I made it to the end of that chapter and then downed tools. Time for action. To order my thoughts I needed to bring order to the chaos in front of me. A quick click here, a double-click there, and a double-quick delivery later, my new, super-sized, super-smart, and super-empty pin-board arrives.

Down comes the old. I peel away the layers; slowly revealing months, no years, of thoughts and memories. It’s like stripping wallpaper in a listed house. Who knows what marvels lie beneath that 70s flock? I find: postcards from exhibitions I’d forgotten I’d been to; a list of potential character names; a picture of me jumping for, what appears to be actual joy on my fortieth birthday; my delegate card from my first SCBWI conference.

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Where there once was chaos…

And so to my new pin-board. Is this how great artists feel when presented with a blank canvas? Did Picasso have a moment of hesitation as he contemplated a new masterpiece? Possibly. I know did. How to order my post-its? Where to place my protagonist’s family tree and the town plan? Do I place my ideas horizontally, vertically, or inspirationally in a circle? Should I clear my board of anything that isn’t related to my work-in-progress?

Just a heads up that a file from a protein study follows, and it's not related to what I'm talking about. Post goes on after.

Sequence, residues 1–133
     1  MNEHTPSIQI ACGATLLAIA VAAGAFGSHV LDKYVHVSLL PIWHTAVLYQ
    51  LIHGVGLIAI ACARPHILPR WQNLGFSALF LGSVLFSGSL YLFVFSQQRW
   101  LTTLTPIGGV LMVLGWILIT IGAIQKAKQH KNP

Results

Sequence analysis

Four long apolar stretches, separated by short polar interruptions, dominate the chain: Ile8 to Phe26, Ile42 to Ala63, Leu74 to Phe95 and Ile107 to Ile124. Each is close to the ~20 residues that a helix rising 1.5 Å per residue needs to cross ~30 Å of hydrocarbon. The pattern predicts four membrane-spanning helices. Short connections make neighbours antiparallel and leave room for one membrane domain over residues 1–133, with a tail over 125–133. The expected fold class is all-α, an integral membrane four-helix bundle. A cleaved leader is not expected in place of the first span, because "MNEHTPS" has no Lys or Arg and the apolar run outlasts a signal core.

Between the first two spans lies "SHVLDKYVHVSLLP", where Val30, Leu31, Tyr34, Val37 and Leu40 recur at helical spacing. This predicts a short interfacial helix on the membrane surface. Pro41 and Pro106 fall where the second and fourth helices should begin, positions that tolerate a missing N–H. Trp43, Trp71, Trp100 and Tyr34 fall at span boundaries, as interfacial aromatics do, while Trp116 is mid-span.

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Order from chaos. At last.

After some deliberation and, ok, yes, some deliberate procrastination (we all do it; don’t pretend you’ve never fallen prey… organising your books, again… nipping down for one last coffee before really, actually, starting work… sorting the washing… grouting the tiles…) I’ve done it! I finally have a well-ordered, easy-on-the-eye (and brain), useful pin-board. Ideas found with a single glance. Place names located with a flick of an eye. Plot twists remembered in seconds, not hours; remembered at all, in fact.

Yes, my pin-board upgrade might have taken all afternoon to complete, and who knows what I might have written in those hours? But the potential for better-structured, chaos-free writing hours tomorrow, was worth the hours lost today.

If your pin-board has become a post-it graveyard and you can’t see the cork for a tree’s worth of paper, it might be time to remove, refresh and re-pin your ideas. I’m hoping it will kick-start my writing and re-gear my first draft; time to move my story into the fast lane with the help of ordered thoughts and easy-to-see ideas.

Until I reach peak pin-board again. And then I’m in trouble: I’ve run out of walls.